AARP, the nation’s strongest voice for people age 50 and older, today announced support for state legislation to protect consumers against surprise bills from non-network health care providers.
Surprise balance billing occurs when individuals seek medical care from providers and facilities they believe are in their health insurance plan’s network, but unknowingly receive a service from an out-of-network provider. They may then be responsible for paying a large portion or all of the cost.
LB569, the Out-of-Network Consumer Protection, Transparency and Accountability Act introduced by Sen. Adam Morfeld, requires advance disclosure to patients about the in-network status of health care facilities, providers and services along with other safeguards. In an emergency situation where out-of-network services are provided, patients would pay no more than they would for in-network services covered by their health plan.
According to a February 2018 Kaiser Family Foundation analysis, nearly one in five inpatient admissions includes a claim from an out-of-network provider. Jina Ragland, advocacy director for AARP Nebraska, urged members of the Banking, Commerce and Insurance Committee to move LB569 to the full Legislature for consideration.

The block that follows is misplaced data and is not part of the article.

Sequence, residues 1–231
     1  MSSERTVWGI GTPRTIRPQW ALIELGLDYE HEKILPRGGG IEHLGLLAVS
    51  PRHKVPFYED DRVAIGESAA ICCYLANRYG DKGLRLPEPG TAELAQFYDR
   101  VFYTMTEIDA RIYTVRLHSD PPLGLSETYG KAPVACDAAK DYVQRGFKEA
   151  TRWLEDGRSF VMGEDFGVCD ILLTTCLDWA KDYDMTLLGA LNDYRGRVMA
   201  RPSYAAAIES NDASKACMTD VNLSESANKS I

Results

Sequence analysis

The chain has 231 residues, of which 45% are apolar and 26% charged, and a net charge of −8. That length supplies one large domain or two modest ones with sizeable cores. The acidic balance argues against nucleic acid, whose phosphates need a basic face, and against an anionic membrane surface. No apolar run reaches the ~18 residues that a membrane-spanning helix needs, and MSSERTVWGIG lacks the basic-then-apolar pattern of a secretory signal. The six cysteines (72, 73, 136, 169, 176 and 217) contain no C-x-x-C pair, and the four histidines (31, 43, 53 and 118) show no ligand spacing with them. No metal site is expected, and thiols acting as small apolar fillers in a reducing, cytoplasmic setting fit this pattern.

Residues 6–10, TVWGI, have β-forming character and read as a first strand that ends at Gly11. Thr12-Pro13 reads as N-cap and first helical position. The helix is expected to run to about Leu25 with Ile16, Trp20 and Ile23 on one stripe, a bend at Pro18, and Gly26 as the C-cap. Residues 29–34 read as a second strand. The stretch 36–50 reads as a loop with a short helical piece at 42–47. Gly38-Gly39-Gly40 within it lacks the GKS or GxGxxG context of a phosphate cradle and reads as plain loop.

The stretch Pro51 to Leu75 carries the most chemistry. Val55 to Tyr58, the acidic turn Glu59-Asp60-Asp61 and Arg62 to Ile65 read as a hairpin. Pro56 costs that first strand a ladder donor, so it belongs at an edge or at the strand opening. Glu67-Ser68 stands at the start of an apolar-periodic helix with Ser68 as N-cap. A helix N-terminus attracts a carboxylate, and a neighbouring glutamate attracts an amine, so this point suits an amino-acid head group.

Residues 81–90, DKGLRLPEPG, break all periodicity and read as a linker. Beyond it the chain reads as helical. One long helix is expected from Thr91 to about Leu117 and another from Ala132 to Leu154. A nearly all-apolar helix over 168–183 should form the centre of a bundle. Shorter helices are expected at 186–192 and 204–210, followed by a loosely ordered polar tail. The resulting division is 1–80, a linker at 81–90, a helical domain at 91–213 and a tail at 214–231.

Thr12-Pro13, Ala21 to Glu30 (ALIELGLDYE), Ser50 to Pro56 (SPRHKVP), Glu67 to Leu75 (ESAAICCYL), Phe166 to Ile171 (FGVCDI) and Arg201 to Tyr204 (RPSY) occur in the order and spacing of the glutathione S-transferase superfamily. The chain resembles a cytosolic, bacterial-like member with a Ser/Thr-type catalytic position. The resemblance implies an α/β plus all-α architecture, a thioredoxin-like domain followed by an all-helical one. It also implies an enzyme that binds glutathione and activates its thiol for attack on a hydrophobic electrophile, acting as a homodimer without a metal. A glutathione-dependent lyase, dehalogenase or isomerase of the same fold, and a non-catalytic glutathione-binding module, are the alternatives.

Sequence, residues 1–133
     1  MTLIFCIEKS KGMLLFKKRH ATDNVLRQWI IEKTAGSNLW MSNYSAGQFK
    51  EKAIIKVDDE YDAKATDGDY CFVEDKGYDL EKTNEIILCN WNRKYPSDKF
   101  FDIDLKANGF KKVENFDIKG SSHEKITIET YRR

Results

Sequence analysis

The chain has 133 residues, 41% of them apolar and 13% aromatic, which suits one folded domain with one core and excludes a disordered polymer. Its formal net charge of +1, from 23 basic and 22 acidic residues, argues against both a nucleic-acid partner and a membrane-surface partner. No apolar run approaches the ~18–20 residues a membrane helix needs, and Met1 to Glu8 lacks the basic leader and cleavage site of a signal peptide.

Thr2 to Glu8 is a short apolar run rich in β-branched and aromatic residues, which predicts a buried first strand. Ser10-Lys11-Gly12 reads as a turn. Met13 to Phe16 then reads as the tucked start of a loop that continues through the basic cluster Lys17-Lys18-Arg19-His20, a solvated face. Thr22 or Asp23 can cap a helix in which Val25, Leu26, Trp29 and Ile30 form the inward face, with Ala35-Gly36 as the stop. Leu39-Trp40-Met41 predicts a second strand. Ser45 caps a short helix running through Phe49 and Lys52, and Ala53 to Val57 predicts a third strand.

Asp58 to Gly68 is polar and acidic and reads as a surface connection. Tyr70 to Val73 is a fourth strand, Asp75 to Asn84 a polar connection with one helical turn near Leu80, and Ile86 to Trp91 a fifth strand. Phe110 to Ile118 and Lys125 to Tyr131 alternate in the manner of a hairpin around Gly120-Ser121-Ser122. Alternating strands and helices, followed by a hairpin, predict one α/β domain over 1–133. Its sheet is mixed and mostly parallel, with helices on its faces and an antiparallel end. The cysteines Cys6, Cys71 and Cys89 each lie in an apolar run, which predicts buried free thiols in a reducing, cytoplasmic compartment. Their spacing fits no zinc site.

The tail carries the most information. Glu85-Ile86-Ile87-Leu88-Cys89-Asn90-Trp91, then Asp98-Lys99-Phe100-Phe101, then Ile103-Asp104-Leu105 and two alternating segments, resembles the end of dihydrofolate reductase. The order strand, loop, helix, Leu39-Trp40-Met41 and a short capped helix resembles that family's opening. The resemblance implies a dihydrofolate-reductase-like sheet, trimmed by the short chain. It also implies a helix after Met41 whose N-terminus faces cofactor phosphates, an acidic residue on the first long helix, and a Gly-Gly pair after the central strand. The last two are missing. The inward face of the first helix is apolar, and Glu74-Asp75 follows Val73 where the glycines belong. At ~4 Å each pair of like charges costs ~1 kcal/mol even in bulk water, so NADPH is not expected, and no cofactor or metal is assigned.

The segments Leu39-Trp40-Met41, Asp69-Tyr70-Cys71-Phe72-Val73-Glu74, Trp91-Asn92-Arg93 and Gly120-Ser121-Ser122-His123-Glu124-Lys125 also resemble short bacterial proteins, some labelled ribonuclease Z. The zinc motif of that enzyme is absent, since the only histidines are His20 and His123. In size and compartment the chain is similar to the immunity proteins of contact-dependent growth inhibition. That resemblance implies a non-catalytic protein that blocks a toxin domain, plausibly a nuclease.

“Our health care system is already complicated and consumers who do their best to navigate it in good faith deserve to be protected from costs that cannot be predicted and therefore cannot be avoided,” she said. “The last thing people need to get is a bill in the hundreds, or thousands of dollars, from an out-of-network provider or facility that the consumer may not have even known was involved in their care.”
The Kaiser 2018 Health Tracking Poll found that when given a list of possible worries, unexpected medical bills tops the list including other health care costs such as premiums, deductibles and even drug costs, as well as other household expenses. Four in ten insured adults ages 18-64 say there has been a time in the past 12 months when they received an unexpected medical bill and one in ten say they received a “surprise” medical bill from an out-of-network provider in the past year.